Bread has become a metaphor for me in the last few days as SHIZ IS GETTING REAL due to the novel corona virus. I don’t want to be too “doom and gloom” in this post but instead focus on a few of the positives that are coming to the surface right now. One quote that speaks to me at this moment is from Glennon Doyle, “You have been offered the gift of crisis. As Kathleen Norris reminds us, the Greek root of the word crisis is ‘to sift’ as in, to shake out the excesses and leave only what’s important. That’s what crises do. They shake things up until we are forced to hold onto what matters most. The rest falls away.” There is SO much BS that just doesn’t matter at this moment. I, like most of you, am experiencing a mix of emotions from fear, worry, dread, sadness, despair, a great deal of empathy but even a sense of calm due to the change in pace-a much slower way of life. Baking is a pastime I have always loved. I have early memories of baking with my grandmother, my mom and even my babysitters. Baking bread however is not something I have much experience with myself (although I worked at Great Harvest Bread Company in 3 different locations over a 4 year span-retail not actually baking!). Cooking and baking relax me and allow for creative expression. A dear friend of mine from Republic, WA (yes, I lived there as a young kid before becoming a “big city” Spokane girl) offered me a sourdough starter last week. The starter was one passed down from another family in Republic who now live on Vashon Island, WA. It’s crazy to think of how the corona virus crisis is bringing people together in ways we never planned-in this case over a sourdough starter. My goal is to keep this starter going and give the gift of bread to other friends of mine. I’m still a novice at this sourdough thing. But just like life, the sourdough starter is a little unexpected, always changing, growing and some days it works better than others. Bread is part of nearly every culture in the world. Let’s break bread together and reunite the other side. Be well my friends!
“Love does not just sit there like a stone: it had to be made. Like bread, remade all the time, made new.”
Here is my recipe (modified from “Basic Burton Sourdough Bread” via my friend Sandi).
Step 1: Refresh the starter
You will need 1-2 cups starter or you can make your own.
On the day you bake, or least once a week, refresh the starter. Remove the starter jar from the fridge. I am keeping my starter in a big mason jar or something like this. Add 2 cups white all-purpose flour and 2 cups very hot water (180 degrees). You can also experiment with bread flours. I have been using King Arthur’s bread flour. I boiled water in my kettle and then waited until it cooled down to 180 degrees (doesn’t take long at all). Stir until just blended and then let sit (with the lid off) in a warmish place until very bubbly (4-5 hours-maybe longer). I found mine did best under warm lights below my cabinets on the countertop OR inside of a cupboard.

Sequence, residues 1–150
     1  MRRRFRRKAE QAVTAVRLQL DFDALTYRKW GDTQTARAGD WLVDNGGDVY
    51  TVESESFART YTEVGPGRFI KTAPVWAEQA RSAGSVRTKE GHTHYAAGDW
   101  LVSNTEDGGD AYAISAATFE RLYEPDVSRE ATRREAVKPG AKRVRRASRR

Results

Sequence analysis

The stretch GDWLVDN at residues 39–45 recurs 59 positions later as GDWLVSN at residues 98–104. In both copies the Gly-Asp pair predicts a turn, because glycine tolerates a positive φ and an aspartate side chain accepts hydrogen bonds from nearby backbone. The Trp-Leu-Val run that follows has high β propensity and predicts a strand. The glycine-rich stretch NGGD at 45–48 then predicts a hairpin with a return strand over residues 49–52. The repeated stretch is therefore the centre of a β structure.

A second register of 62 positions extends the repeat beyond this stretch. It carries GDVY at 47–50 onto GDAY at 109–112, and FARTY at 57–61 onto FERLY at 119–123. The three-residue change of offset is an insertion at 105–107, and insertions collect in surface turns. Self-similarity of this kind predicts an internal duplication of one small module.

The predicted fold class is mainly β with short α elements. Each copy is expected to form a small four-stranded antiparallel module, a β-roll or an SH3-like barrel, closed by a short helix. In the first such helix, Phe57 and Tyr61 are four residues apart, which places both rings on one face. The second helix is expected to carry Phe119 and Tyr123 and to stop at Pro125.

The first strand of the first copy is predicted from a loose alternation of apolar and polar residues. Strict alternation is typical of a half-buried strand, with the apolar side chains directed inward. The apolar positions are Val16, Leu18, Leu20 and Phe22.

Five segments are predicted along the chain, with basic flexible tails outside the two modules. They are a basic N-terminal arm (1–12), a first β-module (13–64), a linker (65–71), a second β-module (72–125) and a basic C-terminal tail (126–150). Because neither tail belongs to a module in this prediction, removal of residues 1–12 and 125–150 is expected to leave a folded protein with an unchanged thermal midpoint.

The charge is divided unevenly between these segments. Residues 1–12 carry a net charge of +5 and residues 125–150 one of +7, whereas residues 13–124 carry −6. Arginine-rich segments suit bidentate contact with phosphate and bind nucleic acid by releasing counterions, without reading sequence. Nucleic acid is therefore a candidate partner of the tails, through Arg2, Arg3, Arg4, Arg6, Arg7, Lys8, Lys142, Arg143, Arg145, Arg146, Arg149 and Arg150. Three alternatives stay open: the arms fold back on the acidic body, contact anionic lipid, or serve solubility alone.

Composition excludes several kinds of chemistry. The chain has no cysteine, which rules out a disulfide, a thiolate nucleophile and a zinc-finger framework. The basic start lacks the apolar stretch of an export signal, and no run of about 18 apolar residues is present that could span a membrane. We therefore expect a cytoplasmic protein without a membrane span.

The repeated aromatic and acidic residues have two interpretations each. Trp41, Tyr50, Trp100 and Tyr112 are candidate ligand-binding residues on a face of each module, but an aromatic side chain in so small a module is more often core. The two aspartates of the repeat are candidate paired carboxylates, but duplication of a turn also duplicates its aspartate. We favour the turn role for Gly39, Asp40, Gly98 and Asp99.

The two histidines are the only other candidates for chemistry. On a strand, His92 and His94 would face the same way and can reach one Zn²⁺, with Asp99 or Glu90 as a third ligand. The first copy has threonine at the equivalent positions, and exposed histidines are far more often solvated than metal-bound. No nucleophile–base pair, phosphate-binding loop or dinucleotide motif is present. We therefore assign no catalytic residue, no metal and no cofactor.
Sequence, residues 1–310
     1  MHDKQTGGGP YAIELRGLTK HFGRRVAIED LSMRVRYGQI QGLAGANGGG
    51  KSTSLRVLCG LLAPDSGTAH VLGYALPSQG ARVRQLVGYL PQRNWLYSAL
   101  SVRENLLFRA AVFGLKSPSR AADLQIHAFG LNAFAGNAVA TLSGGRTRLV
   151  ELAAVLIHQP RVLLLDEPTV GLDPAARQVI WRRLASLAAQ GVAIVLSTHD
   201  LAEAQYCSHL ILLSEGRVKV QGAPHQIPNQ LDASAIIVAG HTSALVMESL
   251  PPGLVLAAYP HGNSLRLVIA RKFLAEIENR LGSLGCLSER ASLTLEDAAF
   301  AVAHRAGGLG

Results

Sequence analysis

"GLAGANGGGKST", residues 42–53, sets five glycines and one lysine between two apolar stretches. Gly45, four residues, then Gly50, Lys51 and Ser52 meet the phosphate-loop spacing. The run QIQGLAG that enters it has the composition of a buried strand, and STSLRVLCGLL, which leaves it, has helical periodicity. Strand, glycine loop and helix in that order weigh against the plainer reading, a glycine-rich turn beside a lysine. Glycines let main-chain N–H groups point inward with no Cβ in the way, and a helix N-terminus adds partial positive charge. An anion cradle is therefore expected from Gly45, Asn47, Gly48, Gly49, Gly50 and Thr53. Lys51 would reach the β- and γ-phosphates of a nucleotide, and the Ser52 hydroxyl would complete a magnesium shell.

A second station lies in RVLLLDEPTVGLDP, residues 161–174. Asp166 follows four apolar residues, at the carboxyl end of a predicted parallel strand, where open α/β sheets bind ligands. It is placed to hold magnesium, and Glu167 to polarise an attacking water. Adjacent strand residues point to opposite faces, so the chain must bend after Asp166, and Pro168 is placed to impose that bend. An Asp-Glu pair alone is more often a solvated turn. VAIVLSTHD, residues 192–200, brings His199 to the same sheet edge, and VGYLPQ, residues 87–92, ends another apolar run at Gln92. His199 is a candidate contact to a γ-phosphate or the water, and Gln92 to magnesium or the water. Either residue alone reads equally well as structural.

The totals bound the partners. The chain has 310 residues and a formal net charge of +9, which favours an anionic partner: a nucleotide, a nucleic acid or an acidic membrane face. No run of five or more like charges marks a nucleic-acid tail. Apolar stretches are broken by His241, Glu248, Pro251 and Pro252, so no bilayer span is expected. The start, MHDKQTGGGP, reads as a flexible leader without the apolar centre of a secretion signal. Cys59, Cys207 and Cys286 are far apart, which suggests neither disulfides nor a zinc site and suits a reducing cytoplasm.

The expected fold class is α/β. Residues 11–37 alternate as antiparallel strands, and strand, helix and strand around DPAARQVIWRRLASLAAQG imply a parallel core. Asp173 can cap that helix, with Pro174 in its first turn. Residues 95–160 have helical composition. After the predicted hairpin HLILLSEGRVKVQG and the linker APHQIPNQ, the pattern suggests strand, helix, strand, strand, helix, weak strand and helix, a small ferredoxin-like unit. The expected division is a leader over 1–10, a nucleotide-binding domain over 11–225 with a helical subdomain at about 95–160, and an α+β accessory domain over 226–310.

Step 2: Make the dough
Add 1 Tbsp salt to the bottom of a measuring cup (big one, like 2 cups). Then add 1/4 cup very hot water. Stir to dissolve, then fill cup to the 1/2 cup mark with olive oil.
Scatter 1 cup of white flour in the bottom of a large shallow bowl. Using the 1/2 measuring cup, scoop about 8 (give/take) scoops of starter out of the jar and into the bowl on top of the flour. You should have about 1-2 cups left of the starter (approximately the same amount you started with). Scrape down the sides of the jar, cap tightly and return to the fridge until the next “refresh” and bake. Don’t stress too much about the number of scoops.
Pour the oil/salt mixture over the starter in the shallow bowl and stir slightly to mix. Now add approximately 2 cups flour, about 1/2 cup at a time. This is a good time to experiment with some whole wheat flour if you wish. Fold in the flour, turning the bowl and using a rubber spatula until you have a mass of dough. You want the dough to stick to itself and not the bowl. Try and make sure you don’t add too much flour or you may have a heavy dense loaf. Too little flour will make it too sticky. When you feel it’s “just right”, flour your hands and shape it into a round mass. Place it back in the floured bowl, cover with a dry kitchen towel and place it in a warm location to rise covered for 2-3 hours (maybe even 4 hours). It will rise and nearly double in size.
Step 3: Bake the bread
Preheat oven to 450 degrees on convection bake setting (if you have it). You may need to turn the oven to 475 and it automatically adjusts to 450 with the convection setting. Make sure you have an oven rack on the mid-lower rung so you can fit a covered dutch oven pot inside. Place your circular dutch oven (doesn’t need to be fancy-something like this one) into the preheating oven. You want that thing to be hot hot hot!!
When the dough has risen to double the size, punch down the dough and pour a little olive oil over the top (optional). Fold dough in half and push down again. Repeat this again (you don’t really need to KNEAD the dough at all). Pick up the dough ball and smooth it into a round shape. Set the ball of dough back into the floured bowl until the oven is HOT.
Once the oven and dutch oven are HOT, remove the dutch oven and take the lid odd. Scatter some corn meal on the bottom of the pot to prevent the bread from sticking. No oil or cooking spray needed. Carefully pick up the dough ball and plop it into the middle of the dutch oven. Take a sharp knife and score the top of the loaf about 1/8 inch deep. Sprinkle with sea salt if you desire (I like Maldon’s salt flowers). Replace the lid to the dutch oven. Bake covered for approximately 25 minutes and then uncovered for an additional 20 minutes to brown the crust. *Note: baking times may vary so keep a close watch.
I don’t think you will need directions what to do once it’s done. Enjoy!